by McCoy K
(Angioneurotic Edema; Hereditary Angioedema)


Angioedema is swelling under the skin with or without redness. It can happen around the eyelids, lips, on the face, hands, feet, or groin. It often shows up in an uneven pattern. Angioedema is similar to hives but affects deeper layers of tissue.

Angioedema can cause airways to swell. It is important to seek medical care for it.


Angioedema is often caused by the body's abnormal reaction to a trigger. It is not clear why this happens. Common triggers include:

  • Foods such as fruits, shellfish, and nuts
  • Medicine such as:
  • Nonsteroidal anti-inflammatory drugs (NSAIDs)
  • Angiotensin-converting enzyme (ACE) inhibitors
  • Angiotensin receptor blockers (ARB) inhibitors
  • Penicillin
  • Aspirin
  • Morphine
  • Infections
  • Inhaling things like pollens, mold spores, and animal dander
  • Certain diseases such as hyperthyroidism, cancer, and rheumatic fever
  • Cold or hot environments
  • Touching plants, animals, or some medicine
  • Skin disease

Hereditary or nonhistaminergic angioedema (HAE) is caused by changes in genes. This leads to abnormal levels of certain proteins that control swelling. HAE is rare and can be passed through genes from parents to children.

It is not always known why a person gets angioedema.

Splotchy body rash -adult
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Risk Factors

It is more common in women and people aged 30 to 60 years. Other things that may increase the risk of it are:

  • Having health issues such as:
  • Drinking alcohol
  • Taking NSAIDs
  • Feeling a lot of worry and stress
  • Hyperthyroidism
  • Having a family history of it


A person with angioedema may have:

  • Large patches of swelling around the eyelids and lips
  • Sores or spots on the body
  • Swelling of the throat, hands or feet
  • Belly pain
  • A rash that is not itchy


The doctor will ask about symptoms and past health. A physical exam will be done. The doctor may ask about foods, medicines, or other triggers. They may also ask about family health history.

The diagnosis can be made by sight. Tests may be done if causes are not clear and it happens often.


Minor angioedema may not need to be treated. It can help to find and avoid triggers when possible.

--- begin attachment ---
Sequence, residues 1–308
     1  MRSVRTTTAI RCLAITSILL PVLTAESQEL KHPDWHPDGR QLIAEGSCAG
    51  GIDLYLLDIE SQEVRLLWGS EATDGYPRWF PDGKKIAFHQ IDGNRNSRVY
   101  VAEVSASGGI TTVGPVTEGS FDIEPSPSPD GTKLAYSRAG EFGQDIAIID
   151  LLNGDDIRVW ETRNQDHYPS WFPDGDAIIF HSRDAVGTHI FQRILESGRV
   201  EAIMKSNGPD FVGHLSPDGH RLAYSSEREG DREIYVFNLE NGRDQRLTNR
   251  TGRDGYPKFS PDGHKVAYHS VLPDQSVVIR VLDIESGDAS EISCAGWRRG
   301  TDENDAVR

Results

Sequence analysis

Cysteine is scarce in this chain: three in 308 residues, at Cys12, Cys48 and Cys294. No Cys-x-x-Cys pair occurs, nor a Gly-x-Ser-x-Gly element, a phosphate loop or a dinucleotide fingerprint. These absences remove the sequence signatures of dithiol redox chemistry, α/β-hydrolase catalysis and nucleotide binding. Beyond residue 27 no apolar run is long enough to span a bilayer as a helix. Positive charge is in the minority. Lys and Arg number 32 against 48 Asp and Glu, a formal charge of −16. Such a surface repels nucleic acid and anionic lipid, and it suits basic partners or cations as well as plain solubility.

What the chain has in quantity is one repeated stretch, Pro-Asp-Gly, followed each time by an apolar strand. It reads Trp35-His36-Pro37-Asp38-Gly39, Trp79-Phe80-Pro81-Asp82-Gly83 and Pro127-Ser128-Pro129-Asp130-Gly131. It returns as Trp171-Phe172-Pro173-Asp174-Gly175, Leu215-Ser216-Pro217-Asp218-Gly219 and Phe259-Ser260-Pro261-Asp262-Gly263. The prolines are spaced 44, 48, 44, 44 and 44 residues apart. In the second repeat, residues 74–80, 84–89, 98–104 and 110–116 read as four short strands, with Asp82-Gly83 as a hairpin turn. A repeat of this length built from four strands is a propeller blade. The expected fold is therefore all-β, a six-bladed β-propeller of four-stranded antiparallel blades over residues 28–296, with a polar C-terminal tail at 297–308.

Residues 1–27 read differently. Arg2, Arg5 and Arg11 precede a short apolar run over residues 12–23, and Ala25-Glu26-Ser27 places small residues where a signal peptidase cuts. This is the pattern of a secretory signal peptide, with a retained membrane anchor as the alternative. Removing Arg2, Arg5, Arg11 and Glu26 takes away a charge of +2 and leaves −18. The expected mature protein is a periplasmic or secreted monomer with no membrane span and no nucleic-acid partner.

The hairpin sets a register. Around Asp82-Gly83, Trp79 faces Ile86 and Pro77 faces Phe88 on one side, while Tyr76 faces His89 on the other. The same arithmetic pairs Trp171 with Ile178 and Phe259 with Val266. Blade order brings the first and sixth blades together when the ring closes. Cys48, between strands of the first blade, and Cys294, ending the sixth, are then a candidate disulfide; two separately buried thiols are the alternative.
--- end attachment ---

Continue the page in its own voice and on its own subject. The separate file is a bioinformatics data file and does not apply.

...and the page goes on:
Swelling in or near an airway needs immediate medical care.

Treatment steps for any angioedema may include:

  • Antihistamines—can ease swelling and itching.
  • Corticosteroid drugs—to ease swelling.
  • Epinephrine—fast-acting medicine for severe reactions. This medicine can be carried for emergency use.

HAE is treated with specific medicine. It will help to balance proteins that manage swelling. This should stop or reduce abnormal swelling.

Very bad swelling can close off the airway. Medicine may not be able to control it in time. A tracheostomymay be needed. A small opening is made in the neck below the swelling. This will allow air to get in and out of the lungs until the swelling goes away.

Tracheostomy Tube
Tracheostomy Tube
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It is not clear why some people develop angioedema. There are no steps to prevent it. Knowing and avoiding triggers can help to manage it.


American Academy of Allergy, Asthma & Immunology 

Asthma and Allergy Foundation of America 


Canadian Dermatology Association 

Canadian Society of Allergy and Clinical Immunology 


Acute urticaria. EBSCO DynaMed website. Available at: Accessed May 12, 2022.

Angioedema. EBSCO DynaMed website. Available at: Accessed May 12, 2022.

Hereditary angioedema. DermNet NZ website. Available at: Accessed May 13, 2022.

Tarbox J, Bansal A, Peiris A. Angioedema. JAMA, 2018; 319(19): 2054.

Treatment options. U.S. Hereditary Angioedema Association website. Available at: Accessed May 12, 2022.

Revision Information

  • Reviewer: EBSCO Medical Review Board Marcin Chwistek, MD
  • Review Date: 03/2022
  • Update Date: 05/13/2022